- On the 20th of September 1985 the Australian Government introduced Capital Gains Tax. The implications for Property investors were that any capital profits made from a sale of an investment property was now subject to a marginal tax rate of the investor. Financial commentators, financial planners, and so called experts predicted that this was going to BE THE END of property investing as we knew it. They were wrong.
- In 1987 we had the Stock market crash and what many referred to as a ‘1930’s type depression, with consumer sentiment at record low levels, the media once again jumped on the ‘doom and gloom’ bandwagon. With super funds being wiped out virtually overnight, many financial commentators and academics predicted that this prolonged period of economic uncertainty would be followed by a Property market Crash. They were wrong.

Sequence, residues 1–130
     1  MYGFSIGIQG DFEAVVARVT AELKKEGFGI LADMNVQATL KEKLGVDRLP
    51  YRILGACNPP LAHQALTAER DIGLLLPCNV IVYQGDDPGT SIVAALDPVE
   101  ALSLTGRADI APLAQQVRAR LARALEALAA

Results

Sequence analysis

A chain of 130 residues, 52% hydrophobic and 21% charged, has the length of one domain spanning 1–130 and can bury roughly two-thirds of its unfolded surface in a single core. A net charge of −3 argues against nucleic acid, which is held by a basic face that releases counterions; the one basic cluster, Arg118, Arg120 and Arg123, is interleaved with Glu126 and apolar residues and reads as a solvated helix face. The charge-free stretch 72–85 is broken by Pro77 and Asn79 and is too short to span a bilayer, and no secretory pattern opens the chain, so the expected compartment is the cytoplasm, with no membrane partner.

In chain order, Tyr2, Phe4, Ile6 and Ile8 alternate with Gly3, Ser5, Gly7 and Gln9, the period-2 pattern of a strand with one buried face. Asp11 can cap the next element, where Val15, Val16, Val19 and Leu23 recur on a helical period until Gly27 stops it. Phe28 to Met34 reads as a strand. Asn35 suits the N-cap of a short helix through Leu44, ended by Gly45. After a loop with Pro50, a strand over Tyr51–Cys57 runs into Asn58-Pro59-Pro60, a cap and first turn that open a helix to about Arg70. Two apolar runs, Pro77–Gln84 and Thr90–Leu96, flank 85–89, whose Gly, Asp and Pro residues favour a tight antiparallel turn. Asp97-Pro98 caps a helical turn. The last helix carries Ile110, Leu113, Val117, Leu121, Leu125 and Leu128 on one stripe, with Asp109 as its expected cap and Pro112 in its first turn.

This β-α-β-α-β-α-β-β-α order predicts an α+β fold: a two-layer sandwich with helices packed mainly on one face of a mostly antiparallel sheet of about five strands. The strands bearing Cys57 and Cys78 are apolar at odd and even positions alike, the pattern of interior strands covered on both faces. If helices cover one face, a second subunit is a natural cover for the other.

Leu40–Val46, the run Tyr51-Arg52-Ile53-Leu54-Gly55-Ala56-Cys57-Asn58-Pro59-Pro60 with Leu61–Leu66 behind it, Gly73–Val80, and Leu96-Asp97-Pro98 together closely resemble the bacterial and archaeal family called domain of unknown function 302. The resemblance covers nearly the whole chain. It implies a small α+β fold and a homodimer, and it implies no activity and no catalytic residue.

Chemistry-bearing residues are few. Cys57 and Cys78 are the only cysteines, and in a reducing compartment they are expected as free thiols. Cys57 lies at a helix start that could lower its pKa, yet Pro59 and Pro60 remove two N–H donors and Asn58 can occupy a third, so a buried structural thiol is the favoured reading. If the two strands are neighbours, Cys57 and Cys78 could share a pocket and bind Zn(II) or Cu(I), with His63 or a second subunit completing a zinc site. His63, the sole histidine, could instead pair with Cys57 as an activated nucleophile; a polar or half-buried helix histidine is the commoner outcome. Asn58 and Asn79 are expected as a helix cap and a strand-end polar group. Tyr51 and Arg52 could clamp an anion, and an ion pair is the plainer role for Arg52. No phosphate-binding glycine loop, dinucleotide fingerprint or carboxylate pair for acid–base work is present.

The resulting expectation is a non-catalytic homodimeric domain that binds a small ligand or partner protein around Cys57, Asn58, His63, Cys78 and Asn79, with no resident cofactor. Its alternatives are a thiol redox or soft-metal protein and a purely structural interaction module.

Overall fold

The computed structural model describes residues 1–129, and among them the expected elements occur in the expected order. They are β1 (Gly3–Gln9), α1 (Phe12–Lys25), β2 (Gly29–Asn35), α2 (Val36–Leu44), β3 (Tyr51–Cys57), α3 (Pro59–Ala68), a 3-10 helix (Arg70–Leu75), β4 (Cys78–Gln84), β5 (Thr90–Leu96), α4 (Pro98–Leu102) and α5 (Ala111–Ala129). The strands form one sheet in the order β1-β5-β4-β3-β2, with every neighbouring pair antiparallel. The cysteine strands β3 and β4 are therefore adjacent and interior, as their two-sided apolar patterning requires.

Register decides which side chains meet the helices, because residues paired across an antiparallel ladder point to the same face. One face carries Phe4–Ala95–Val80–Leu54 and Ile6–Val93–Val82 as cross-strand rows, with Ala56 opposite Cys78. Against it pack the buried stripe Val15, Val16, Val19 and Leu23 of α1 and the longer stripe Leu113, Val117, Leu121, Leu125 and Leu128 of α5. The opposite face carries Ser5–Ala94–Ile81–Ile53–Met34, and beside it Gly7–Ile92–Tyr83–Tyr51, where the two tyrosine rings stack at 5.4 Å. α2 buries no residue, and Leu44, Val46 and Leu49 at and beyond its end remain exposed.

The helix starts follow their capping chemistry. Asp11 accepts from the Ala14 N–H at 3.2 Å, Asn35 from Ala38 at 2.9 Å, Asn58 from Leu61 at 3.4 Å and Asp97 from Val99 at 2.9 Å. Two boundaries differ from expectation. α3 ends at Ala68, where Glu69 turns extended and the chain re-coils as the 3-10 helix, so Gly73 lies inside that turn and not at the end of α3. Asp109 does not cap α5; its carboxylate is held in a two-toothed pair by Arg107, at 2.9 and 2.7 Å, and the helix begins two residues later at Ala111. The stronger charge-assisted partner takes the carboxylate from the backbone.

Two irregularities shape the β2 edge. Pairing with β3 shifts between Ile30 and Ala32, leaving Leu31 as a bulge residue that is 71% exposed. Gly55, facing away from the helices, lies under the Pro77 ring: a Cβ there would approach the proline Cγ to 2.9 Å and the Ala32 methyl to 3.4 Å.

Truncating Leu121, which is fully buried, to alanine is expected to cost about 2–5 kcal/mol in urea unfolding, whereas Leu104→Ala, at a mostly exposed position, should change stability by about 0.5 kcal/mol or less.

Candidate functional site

- In 1989 to 1991 Australia experienced historically record high interest rates and inflation. The early 90’s were the beginning of another recession; many of us will remember it for the famous quote from the treasurer, Paul Keating, “this was the recession we had to have”. Of the 18 OECD countries of reasonable size and development, 17 experienced a recession in the early 1990’s — a similar situation to the mid-70’s and early 80’s global recessions. The cash rate reached a staggering 18 per cent in the second half of 1989, and mortgage rates of 17 per cent, and many loans to businesses were well in excess of 20 %. Unemployment ended up peaking at 11.3 per cent, and once again many academics and experts predicted that the property market would crash. They were wrong.